Architectural Competition – Concours d’Architecture [AC-CA] have announced a single stage cometition to design a Champagne Bar along the Paris river “Seine” and by the romantic “Pont des Arts”.
The competition hopes to achieve the following:
_Encourage and reward design excellence at a medium scale which integrates function, structure and details.
_Research and investigate the various combination possibilities to create a social space within the city.
_To generate the discussion of ideas regarding the relation between architecture and water.
_Encourage the employment of sustainable design in all aspects of the proposal.
Two Rotterdam based offices jvantspijker and Felixx will design the new redevelopment plan of an industrial seaside area in Reykjavik, Iceland. The firms have won the first prize through an invited two-stage competition. The plan consists of 110.000 square meters of mixed use program, including four hundred new dwellings.
The Library of Landscape Heritage has just released a new video, The Best Planned City: Olmsted, Vaux and the Buffalo Park System. The short documentary (under 15 mins) is based on the LALH book by Francis R. Kowsky, which explores the development of the nation’s first park system, designed by Frederick Law Olmsted and Calvert Vaux in 1868. All films in the North America by Design series are produced by LALH in association with Florentine Films/Hott Productions, Inc.
As South Boston’s working waterfront transforms into a modern office, retail, and residential high-rise district, Richard Burck Associates (RBA) identified a need for ‘democratic’ open space. This new park design was influenced by research into the site’s native views, wind and sun exposures, and varied social conditions. RBA has created an elevated deck that borders upon a sloping lawn, offering compelling views of the site and harbor beyond and establishing compelling connections to adjacent buildings and uses.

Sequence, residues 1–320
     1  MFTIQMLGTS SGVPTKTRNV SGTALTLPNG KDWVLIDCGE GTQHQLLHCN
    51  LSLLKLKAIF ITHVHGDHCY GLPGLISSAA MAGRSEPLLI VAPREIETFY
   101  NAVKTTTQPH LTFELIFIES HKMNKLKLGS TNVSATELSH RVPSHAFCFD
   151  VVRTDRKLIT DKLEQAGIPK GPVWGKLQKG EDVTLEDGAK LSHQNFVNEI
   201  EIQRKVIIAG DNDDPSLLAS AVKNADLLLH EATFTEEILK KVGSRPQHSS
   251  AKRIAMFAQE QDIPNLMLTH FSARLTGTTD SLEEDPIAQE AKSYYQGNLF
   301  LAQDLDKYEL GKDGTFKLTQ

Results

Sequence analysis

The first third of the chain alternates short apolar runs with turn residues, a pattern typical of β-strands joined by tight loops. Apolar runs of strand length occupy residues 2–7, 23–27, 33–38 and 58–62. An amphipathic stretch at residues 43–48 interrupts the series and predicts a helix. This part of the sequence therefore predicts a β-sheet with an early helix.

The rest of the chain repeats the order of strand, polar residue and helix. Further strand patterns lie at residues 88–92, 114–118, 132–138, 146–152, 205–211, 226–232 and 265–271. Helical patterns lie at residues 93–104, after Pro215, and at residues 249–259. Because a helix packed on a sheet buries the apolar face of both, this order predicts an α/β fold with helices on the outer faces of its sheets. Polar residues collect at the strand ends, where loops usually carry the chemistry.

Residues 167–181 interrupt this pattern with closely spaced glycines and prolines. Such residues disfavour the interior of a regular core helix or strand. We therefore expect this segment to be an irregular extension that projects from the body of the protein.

Foothill College serves as an influential example of the integration of Landscape Architecture and Architecture in post World War II modernism and was immediately bestowed many top awards upon completion. One of the first junior colleges built after World War, and originally designed by architect Ernest Kump and landscape architect Peter Walker, the campus master plan was structured around the idea of an “acropolis”, with the campus located at the top of the hill. Vehicles were relegated to the edges of the campus, and the pedestrian oriented campus core was dignified and tranquil. A rolling campus green, large central grove and intimate academic courts that were an extension of the classroom pavilions created a successful hierarchy of landscape spaces and employed a distinct design language whose structural clarity remains today. Withstanding the test of time the project was awarded the ASLA National Classic Award in 1993.